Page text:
• Accelerate your cash flow. Don’t offer terms to your clients. Only accept cash or credit card. If you need to offer terms see if you can get a deposit up front to at least cover your costs so that you are only waiting to collect your profit on the receivable. If that does not work, approach your clients that owe you money and offer them a discount to pay you quicker. For example, your client may typically pay you in 30 days but if you offered a 2% discount they may agree to pay you this week. Your profit margin has to be strong enough to handle the discount or you may lose money on the sale. This may be ok if you are in a crunch and need to make payroll. Offer promos or punch cards that provide a valuable discount if services are prepaid.
  • Defer your expenses. Approach your suppliers. See if they will agree to offer you terms rather than accepting only cash or COD. They may be in a position to do so, and may value your long-term relationship as a client. If you ask for terms and get approved, you must do your best to live within the terms. If you take advantage of your suppliers too often they may lose faith in you and rescind your terms when you need them most. If you are in a really bad situation, ask your suppliers to take back a promissory note for what you owe them. This may permanently damage your relationship, but it may be better for both parties than bankruptcy.
  • Borrow from friends/family. Often a very lenient and fair lender. However, honor and performance are key. Many family members and friends no longer speak after a sour lending arrangement.
  • Find Investors. If you have a rapidly expanding business or hot business concept approach individual investors, strategic business partners or venture capitalists. The drawbacks are that you will have to give up some ownership, voting rights and independence when dealing with a third party investor. However, owning a fraction of a really big business is better than owning 100% of a really small business. Just ask the founders of Google.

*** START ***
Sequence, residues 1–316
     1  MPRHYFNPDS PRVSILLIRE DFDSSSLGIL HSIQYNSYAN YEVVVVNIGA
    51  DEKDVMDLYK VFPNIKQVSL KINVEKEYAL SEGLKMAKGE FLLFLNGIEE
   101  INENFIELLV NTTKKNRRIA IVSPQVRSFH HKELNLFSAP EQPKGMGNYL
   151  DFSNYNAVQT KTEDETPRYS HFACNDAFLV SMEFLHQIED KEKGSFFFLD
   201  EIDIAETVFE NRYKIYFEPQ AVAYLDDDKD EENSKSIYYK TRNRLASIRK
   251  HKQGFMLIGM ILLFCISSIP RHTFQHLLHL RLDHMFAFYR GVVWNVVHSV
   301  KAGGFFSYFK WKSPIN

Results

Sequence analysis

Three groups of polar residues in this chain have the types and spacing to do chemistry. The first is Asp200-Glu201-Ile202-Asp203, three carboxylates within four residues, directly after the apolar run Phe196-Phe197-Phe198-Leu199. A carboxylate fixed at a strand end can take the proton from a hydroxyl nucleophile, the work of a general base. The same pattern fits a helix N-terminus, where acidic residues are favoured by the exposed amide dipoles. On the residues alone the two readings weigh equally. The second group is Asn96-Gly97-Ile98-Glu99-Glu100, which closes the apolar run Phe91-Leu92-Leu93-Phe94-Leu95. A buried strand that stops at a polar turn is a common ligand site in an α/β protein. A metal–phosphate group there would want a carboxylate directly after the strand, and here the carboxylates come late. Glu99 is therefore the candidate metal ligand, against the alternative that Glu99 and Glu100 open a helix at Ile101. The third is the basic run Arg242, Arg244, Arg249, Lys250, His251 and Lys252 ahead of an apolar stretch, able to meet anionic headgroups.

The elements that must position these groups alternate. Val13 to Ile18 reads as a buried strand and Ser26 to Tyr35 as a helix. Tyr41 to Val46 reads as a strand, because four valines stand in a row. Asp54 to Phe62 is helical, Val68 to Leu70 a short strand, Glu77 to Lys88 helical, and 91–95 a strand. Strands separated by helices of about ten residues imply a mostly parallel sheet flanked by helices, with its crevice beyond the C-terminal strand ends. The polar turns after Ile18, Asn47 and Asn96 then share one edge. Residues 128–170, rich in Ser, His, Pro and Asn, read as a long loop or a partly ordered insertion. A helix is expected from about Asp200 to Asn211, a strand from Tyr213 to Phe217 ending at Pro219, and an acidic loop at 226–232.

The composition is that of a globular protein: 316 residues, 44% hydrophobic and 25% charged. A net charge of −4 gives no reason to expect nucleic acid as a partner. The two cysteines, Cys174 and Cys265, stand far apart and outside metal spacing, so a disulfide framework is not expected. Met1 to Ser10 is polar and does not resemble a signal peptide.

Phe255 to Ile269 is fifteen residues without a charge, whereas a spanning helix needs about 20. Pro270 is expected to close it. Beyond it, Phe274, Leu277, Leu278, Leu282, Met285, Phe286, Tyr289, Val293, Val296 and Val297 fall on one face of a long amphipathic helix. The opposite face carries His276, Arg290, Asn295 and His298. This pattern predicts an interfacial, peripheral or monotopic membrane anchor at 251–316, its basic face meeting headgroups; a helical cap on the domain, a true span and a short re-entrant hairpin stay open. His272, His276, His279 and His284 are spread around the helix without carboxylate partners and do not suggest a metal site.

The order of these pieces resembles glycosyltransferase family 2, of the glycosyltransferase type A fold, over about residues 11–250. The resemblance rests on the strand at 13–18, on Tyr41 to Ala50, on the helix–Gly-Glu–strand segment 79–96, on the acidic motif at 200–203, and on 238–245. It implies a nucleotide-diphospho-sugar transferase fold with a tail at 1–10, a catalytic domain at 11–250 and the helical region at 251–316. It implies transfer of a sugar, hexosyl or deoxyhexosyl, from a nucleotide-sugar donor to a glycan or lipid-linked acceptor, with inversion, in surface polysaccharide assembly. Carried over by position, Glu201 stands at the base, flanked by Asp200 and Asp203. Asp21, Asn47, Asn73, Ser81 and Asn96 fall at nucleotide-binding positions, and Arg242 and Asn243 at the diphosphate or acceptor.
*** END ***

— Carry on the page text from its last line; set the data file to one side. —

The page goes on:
• Factor your receivables. A factor will buy your receivables at a discount. You get the cash now less the discount. The factor keeps the entire receivable when your client pays. There is a difference between “discount” and “annual percentage rate.” If a factor buys your receivable at a 1.5-2% discount that will collect in 30 days your annual percentage rate (cost of credit) is 18-24%. Factoring arrangements vary, but in some cases your factor will have recourse back to you or your business if your client does not pay on schedule. In addition, factors sometimes contact your clients directly and you may be unable to avoid your client knowing that you factored their receivable.
  • Borrow from asset based lenders. These finance companies will lend against purchase orders, inventory, accounts receivable and equipment at higher advance rates than traditional, SBA or Cal Coastal lenders. However, hard money lenders will charge higher rates which can make it more likely that you will default on payments if things don’t go according to plan with your business. In extreme cases, these lenders may be interested in taking over your business or repossessing your